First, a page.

The national living wage has increased by 5% as at 1 April 2019, equating to £8.21 an hour for employees aged 25 and over; this compares to £7.83 an hour for the 2018-2019 rate.
This increase, which is the highest recorded rise since the wage rate was introduced in April 2016, will benefit approximately 1.8 million employees, adding around £690 to their annual take home pay for 2019. Full-time employees earning the national living wage are expected to receive £2,750 more a year compared to 2015, which was when the national living wage was first announced.
Kelly Tolhurst, business minister, said: “We are committed to making sure that UK [employees] get a fair day’s pay, and the rise in the national living and minimum wage, benefiting millions of people, delivers on this commitment.
“Since the national living wage was announced in 2015, it has helped protect the lowest paid, increasing faster than inflation and average earnings. Our minimum wage rates are among the highest in the world and, through our modern Industrial Strategy, we are determined to end low pay and [get employees] a fair day’s pay for a fair day’s work.”
As at 1 April 2019, the national minimum wage has also increased, benefiting around 2.1 million employees, including nearly 800,000 staff employed in the retail and hospitality sector.
This includes an increase from £7.38 an hour to £7.70 an hour for employees aged between 21 and 24, equating to an additional £580 a year for full-time employees, and a pay rise from £5.90 an hour to £6.15 an hour for those aged between 18 and 20, providing an extra £455 a year for full-time staff in this age group.
Those under the age of 18 will see their pay increase from £4.20 to £4.35 an hour, while apprentice national minimum wage rates will also rise from £3.70 an hour to £3.90 an hour.
Philip Hammond, Chancellor of the Exchequer, said: “This government is dedicated to increasing the wages of the lowest paid, which is why we introduced the national living wage and have continued to increase the national minimum wage rates; all of which will rise again [this month] and benefit millions of [employees].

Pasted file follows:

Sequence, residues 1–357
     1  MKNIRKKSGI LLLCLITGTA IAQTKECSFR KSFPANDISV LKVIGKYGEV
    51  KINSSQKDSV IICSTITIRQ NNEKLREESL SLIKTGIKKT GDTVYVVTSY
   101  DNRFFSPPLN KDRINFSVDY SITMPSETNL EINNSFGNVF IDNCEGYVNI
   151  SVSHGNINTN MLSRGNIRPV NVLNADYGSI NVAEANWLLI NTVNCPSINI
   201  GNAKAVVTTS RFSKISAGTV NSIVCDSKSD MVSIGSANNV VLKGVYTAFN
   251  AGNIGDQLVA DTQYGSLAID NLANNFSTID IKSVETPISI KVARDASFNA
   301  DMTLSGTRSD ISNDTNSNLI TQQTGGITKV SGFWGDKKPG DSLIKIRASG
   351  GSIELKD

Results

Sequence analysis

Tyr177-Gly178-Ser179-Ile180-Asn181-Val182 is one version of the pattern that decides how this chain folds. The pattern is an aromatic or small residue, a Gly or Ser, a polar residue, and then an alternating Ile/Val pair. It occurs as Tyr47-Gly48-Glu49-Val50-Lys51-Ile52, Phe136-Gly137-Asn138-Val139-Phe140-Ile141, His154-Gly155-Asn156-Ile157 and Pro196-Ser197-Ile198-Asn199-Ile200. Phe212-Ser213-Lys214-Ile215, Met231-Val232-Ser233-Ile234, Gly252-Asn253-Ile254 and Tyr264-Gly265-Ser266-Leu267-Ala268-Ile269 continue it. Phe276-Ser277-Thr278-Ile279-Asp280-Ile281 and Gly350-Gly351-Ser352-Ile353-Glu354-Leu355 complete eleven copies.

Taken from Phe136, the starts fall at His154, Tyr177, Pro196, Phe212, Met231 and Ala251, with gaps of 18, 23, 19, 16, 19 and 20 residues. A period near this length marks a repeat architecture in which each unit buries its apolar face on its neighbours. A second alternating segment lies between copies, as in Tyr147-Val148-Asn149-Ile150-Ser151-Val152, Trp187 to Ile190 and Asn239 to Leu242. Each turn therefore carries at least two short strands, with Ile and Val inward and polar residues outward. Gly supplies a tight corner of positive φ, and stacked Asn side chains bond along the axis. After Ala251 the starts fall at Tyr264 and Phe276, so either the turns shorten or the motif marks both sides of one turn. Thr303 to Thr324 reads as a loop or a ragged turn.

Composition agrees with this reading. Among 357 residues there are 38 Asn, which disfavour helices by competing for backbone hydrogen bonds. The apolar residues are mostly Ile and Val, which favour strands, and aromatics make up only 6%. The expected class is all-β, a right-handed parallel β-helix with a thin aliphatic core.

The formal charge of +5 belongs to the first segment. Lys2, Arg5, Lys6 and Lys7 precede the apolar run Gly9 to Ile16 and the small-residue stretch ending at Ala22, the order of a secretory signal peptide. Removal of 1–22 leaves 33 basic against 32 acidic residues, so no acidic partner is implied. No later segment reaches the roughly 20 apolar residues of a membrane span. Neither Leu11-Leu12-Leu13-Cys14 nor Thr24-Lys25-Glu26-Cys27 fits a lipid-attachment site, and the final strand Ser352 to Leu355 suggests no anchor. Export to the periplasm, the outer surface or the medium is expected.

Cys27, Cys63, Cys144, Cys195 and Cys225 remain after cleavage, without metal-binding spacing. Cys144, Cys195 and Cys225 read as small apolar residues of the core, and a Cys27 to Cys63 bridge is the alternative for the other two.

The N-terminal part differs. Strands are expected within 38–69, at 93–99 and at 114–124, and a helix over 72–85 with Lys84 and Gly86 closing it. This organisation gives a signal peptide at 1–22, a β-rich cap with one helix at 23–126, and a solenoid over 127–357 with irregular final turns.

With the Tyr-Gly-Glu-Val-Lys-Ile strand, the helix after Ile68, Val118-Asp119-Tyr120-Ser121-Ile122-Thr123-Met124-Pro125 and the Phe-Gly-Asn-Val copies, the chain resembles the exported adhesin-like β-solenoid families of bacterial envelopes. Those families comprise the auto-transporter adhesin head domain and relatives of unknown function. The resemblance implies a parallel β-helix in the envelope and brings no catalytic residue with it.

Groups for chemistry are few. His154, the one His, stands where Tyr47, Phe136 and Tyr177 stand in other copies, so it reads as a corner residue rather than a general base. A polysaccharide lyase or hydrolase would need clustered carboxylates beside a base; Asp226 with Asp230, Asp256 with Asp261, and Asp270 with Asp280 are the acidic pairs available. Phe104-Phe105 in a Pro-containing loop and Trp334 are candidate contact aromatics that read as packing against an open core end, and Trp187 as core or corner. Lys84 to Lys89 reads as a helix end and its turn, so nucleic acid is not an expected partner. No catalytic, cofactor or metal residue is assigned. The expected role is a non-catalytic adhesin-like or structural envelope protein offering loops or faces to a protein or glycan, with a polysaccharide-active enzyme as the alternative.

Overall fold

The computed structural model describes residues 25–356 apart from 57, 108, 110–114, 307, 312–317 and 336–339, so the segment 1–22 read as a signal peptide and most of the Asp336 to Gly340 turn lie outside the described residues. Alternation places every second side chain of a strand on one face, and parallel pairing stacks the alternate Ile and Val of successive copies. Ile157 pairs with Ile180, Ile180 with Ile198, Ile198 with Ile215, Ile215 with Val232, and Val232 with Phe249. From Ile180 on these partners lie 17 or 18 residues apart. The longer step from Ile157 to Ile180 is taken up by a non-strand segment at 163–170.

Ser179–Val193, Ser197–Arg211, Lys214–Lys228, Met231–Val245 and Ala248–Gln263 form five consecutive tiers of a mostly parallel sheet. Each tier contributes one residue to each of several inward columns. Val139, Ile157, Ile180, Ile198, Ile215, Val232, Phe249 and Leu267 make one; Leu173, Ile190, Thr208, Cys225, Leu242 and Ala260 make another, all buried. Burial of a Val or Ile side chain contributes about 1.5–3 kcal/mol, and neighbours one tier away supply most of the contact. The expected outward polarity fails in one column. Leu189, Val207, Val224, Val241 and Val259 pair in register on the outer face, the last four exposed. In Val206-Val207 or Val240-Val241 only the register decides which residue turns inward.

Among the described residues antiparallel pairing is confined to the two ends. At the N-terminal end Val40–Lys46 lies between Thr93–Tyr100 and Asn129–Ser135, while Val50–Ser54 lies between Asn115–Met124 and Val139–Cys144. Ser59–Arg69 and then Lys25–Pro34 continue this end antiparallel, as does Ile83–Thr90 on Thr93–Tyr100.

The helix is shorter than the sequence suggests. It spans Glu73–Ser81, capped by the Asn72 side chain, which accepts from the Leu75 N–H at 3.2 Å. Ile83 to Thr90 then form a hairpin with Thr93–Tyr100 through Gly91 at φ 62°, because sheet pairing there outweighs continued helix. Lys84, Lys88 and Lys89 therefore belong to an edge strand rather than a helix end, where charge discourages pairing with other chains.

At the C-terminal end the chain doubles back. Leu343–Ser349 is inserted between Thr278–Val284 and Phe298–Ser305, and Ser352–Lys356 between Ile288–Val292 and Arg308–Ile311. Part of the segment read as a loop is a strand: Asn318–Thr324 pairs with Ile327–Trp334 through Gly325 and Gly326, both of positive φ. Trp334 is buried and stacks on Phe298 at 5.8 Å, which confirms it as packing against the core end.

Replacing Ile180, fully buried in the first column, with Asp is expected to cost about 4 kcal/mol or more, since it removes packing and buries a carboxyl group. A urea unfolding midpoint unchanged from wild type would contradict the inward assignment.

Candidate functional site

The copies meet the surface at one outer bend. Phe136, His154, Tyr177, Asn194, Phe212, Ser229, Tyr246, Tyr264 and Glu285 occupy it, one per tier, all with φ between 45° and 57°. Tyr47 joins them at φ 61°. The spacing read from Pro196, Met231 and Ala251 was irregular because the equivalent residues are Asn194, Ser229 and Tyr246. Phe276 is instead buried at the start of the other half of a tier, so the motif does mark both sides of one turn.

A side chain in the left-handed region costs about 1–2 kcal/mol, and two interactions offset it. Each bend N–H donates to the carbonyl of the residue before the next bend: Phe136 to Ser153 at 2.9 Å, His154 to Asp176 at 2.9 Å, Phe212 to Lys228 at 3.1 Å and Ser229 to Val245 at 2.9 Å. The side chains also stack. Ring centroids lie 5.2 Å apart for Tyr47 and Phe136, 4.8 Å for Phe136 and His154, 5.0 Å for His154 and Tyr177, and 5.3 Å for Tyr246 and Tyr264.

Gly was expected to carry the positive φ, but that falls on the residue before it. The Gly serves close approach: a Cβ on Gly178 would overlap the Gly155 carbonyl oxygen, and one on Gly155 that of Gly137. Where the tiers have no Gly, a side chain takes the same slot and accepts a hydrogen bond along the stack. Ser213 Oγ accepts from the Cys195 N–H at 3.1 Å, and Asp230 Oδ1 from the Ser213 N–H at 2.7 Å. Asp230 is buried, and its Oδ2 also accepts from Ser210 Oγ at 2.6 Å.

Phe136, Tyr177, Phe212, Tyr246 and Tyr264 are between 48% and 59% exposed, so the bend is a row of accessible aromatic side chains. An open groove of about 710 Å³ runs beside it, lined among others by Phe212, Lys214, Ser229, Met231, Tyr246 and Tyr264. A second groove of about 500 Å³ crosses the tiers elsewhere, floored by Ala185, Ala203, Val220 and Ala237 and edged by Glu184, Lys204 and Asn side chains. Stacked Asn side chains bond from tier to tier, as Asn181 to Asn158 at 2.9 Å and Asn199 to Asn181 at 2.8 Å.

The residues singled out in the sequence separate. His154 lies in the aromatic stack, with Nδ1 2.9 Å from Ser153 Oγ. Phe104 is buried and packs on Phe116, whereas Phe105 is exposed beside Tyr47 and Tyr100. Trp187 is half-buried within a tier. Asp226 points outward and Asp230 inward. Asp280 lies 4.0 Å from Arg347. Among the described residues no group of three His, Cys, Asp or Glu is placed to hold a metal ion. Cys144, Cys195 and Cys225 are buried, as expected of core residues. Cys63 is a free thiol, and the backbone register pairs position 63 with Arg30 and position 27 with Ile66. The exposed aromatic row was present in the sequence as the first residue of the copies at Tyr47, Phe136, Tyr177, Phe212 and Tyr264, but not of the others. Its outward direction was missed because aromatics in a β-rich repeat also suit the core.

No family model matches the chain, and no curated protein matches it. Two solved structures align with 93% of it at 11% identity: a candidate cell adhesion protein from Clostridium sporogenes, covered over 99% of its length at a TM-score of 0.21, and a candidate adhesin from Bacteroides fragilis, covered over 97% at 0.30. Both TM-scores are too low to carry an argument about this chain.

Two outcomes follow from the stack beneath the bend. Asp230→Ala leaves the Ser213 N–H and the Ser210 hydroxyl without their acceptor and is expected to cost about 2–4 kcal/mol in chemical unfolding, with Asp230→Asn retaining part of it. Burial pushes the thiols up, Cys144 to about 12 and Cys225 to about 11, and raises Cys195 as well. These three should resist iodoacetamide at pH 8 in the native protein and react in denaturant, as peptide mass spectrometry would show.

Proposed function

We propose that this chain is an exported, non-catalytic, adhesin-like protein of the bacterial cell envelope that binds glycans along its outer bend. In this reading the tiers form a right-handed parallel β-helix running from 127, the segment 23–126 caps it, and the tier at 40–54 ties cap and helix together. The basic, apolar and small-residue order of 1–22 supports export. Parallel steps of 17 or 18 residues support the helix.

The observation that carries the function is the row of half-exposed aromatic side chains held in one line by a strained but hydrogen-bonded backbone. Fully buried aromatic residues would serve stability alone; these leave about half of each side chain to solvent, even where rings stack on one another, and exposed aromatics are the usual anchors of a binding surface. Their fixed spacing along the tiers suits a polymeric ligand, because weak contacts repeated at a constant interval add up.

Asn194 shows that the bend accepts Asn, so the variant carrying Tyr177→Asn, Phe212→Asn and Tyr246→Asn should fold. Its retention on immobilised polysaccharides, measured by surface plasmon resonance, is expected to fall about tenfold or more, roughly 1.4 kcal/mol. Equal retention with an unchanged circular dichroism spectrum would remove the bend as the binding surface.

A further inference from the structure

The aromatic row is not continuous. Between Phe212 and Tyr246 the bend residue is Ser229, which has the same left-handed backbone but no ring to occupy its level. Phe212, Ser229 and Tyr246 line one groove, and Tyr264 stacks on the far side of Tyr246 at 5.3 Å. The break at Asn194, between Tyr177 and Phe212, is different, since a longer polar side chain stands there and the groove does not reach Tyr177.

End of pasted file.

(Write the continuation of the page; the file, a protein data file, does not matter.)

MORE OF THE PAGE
“This government is committed to raising productivity performance across the income spectrum, so that the wages of the lowest paid can increase sustainably over time. While the proportion of low paid jobs is now at its lowest level for 20 years, we are going further by asking Professor Arin Dube, a world-leading expert in the field, to undertake a review of the international evidence of minimum wages on productivity and employment [as announced in 2019’s Spring Statement].”
Later in 2019, the government will announce the independent Low Pay Commission’s (LPC) remit for after 2020.
Bryan Sanderson, chair at the LPC, said: “We are pleased that millions of [employees] across the country will see an above-inflation pay rise as a result of [the] minimum wage increases, which follow the recommendations the LPC made in the autumn.
“[1 April 2019] is particularly significant, as it also marks 20 years of the national minimum wage. Over the last 20 years, the national minimum wage and, more recently, the national living wage have achieved their goal of raising pay without significant negative effects on employment.”